a not-so-nice story

I can’t spin a yarn without unraveling some threads, so I’d best be careful with which loose end I decide to pull. There are whole large chunks of my life that I can no longer recall, so deep and so painful are those strands that my mind has hidden them. They are dark diamonds whose core of fire burned so bright that it turned from red to black. There’s a short distance indeed between a quick, pink scar and a deep, lingering sear – it doesn’t take long to navigate that space between a regular old lesson learned and a decision that will haunt you so completely that your own ghost can’t even recall the full story.

You asked me to remember my first experience with the opposite sex. Which one was first? I think I have to give it to J.E. Never once did we touch, never once did we kiss – but god did he shape me. I always had to ride the bus to school. The bus is horrifying enough because of its lack of creature comforts and its dearth of adult supervision (the one adult on board being wholly focused on driving the bus down narrow country roads), but when you’re The Loser (not just a loser, but The Loser) the bus becomes a special kind of hell from which you cannot escape.

It was the beginning of seventh grade, which was precisely that age at which boys became suddenly more interesting than they were before. It was the age at which you wanted, more than anything, to be appealing. Even simply to be accepted would do. Blending in with the crowd was everyone’s hope for salvation. But since I’d been going to the same Catholic school with the same 25 classmates for the previous 7 years, it seemed that my role as The Loser was completely entrenched. (To be fair, there was one person lower on the rung than me, but she didn’t ride the bus so I was the primary target.)

Those bus seats had the most horrific texture of anything I’d ever felt. Decidedly unpleasant, the fake plastic leather was stippled with varying shades of brown, tan, and sienna and the bumps were just big enough to cause wastelands of indentations on the back of your thighs should you be unlucky enough to be wearing a short skirt. Rips in the leather weren’t actually repaired, but merely triaged with duct tape or Elmer’s Glue. You could sometimes see the dried long drips hanging down, looking like a trail of rejected snot.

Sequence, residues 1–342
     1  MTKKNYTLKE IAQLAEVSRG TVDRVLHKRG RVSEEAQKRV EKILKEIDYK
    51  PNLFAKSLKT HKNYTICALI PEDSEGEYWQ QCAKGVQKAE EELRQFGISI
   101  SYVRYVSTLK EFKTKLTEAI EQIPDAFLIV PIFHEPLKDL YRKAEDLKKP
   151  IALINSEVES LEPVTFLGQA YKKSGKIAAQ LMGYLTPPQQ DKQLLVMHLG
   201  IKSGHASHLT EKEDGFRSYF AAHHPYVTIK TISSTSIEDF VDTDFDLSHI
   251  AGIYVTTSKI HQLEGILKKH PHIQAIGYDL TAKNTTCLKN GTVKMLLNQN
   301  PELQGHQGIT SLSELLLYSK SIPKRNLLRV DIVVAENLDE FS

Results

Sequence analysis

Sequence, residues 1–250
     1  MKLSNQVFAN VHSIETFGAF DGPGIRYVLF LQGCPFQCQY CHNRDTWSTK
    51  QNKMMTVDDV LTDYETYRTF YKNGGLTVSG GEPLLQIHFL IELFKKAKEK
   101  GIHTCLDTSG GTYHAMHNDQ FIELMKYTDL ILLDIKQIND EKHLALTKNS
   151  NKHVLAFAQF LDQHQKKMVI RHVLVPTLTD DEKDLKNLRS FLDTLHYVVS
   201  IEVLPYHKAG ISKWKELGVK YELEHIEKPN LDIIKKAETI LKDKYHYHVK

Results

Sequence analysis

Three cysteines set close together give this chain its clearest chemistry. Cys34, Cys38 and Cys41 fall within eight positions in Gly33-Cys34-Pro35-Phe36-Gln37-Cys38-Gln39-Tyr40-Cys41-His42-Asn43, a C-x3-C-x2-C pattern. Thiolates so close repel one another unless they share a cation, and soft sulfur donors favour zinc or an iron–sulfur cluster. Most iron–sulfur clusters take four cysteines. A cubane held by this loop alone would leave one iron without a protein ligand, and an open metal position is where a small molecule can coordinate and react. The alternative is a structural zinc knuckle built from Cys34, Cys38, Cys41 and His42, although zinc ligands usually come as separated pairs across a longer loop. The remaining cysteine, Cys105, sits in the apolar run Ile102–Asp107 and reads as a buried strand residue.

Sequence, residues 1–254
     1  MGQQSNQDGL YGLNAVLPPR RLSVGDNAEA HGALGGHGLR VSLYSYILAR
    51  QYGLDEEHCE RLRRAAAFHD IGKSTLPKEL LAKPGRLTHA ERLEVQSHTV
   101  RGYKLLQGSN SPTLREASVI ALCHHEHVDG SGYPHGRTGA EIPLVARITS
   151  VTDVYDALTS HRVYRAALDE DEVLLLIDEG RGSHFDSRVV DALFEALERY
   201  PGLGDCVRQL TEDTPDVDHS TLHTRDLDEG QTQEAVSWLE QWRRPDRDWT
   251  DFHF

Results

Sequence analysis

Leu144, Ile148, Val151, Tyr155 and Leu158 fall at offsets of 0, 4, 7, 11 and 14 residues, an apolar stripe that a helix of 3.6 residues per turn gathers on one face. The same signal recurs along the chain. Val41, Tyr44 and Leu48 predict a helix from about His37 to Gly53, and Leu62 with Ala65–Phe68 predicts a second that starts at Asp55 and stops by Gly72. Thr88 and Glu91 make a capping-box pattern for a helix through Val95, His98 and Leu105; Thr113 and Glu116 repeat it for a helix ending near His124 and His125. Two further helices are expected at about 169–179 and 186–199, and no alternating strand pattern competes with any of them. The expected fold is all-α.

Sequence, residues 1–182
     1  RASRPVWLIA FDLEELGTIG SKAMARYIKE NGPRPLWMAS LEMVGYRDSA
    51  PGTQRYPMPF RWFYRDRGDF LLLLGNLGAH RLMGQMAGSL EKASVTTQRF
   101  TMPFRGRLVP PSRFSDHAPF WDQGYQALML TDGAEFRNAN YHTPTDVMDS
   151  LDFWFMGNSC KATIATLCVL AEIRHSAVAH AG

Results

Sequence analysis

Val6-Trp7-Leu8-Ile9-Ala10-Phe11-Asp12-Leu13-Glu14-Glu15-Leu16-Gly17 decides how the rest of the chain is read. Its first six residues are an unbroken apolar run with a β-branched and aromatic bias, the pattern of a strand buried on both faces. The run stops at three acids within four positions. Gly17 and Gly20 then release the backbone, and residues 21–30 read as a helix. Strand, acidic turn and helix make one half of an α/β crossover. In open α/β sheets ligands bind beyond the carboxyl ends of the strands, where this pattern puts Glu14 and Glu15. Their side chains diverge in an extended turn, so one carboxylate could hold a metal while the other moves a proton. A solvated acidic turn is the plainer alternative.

I knew those bus seats intimately because I’d stare at them. Not just stare, mind you, but not lift my eyes from the back of the seat from the moment I got on the bus until the moment I got off. I knew the skin of those seats better than I’ve ever known the skin of a lover, and they gave me just as much comfort. It was something to do, somewhere to be. Leatherland.

The day I felt the seat give way next to me was as alarming as any day possibly could be. There was someone sitting next to me. For a moment or two I didn’t dare rip my eyes away from the seat back, or perhaps it was that I didn’t know how to. My eyes cast a sideways glance, enough to know that the person sitting next to me was a boy. My heart beat in my chest, so loudly I was frightened by it. I looked up and turned ever so slightly to the left where he was sitting. I saw him, J, close enough to smell his breath. A million things flashed through my mind in that instant. What did he want? What would he say? Why was he sitting next to me? And not one of those thoughts, not a single one, was a warning. I hadn’t learned yet.

So with every last bit of my guard down, I met his eyes. And he opened his mouth, and rolled his tongue forward, and spit into my face.

The spit landed near my right eye and on the bridge of my nose, and it had a good chance to roll down towards the tip before I could think to wipe it away. Laughter came from everywhere, like knives. I did the only thing I could think to do. I turned to face forward, I reached up my hand to smear away as much of the saliva as possible, and then I studied the leather. It looked awfully brown that day.

So this is how I learned. This is how I learned to accept the smallest of kindnesses, even when they are really criticisms. This is how I learned to never question if I liked someone – it was simply enough if they liked me. This is how I learned to freeze like a deer in headlights whenever a man approached me. Because still, 25 years later, I brace myself for the warm rain of spit on my face.  This is how I learned to memorize the patterns in fake leather. This is how I learned.

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